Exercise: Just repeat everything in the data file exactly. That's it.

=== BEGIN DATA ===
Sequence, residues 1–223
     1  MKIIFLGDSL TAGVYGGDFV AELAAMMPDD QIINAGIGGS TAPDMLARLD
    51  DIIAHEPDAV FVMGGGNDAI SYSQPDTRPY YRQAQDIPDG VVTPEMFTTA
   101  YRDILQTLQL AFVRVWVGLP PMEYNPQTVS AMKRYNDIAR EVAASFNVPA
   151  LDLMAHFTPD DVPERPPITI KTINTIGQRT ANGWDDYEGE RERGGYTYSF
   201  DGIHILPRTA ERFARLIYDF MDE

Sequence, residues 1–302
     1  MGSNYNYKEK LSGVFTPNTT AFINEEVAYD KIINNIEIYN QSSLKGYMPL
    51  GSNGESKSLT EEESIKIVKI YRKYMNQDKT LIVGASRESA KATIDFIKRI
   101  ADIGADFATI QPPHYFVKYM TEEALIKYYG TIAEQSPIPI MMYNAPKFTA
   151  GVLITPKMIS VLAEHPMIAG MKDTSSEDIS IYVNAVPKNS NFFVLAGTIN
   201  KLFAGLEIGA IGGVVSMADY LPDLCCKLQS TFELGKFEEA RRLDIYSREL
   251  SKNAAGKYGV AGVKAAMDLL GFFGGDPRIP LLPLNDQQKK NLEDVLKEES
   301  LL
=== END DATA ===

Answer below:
Sequence, residues 1–223
     1  MKIIFLGDSL TAGVYGGDFV AELAAMMPDD QIINAGIGGS TAPDMLARLD
    51  DIIAHEPDAV FVMGGGNDAI SYSQPDTRPY YRQAQDIPDG VVTPEMFTTA
   101  YRDILQTLQL AFVRVWVGLP PMEYNPQTVS AMKRYNDIAR EVAASFNVPA
   151  LDLMAHFTPD DVPERPPITI KTINTIGQRT ANGWDDYEGE RERGGYTYSF
   201  DGIHILPRTA ERFARLIYDF MDE

Sequence, residues 1–302
     1  MGSNYNYKEK LSGVFTPNTT AFINEEVAYD KIINNIEIYN QSSLKGYMPL
    51  GSNGESKSLT EEESIKIVKI YRKYMNQDKT LIVGASRESA KATIDFIKRI
   101  ADIGADFATI QPPHYFVKYM TEEALIKYYG TIAEQSPIPI MMYNAPKFTA
   151  GVLITPKMIS VLAEHPMIAG MKDTSSEDIS IYVNAVPKNS NFFVLAGTIN
   201  KLFAGLEIGA IGGVVSMADY LPDLCCKLQS TFELGKFEEA RRLDIYSREL
   251  SKNAAGKYGV AGVKAAMDLL GFFGGDPRIP LLPLNDQQKK NLEDVLKEES
   301  LL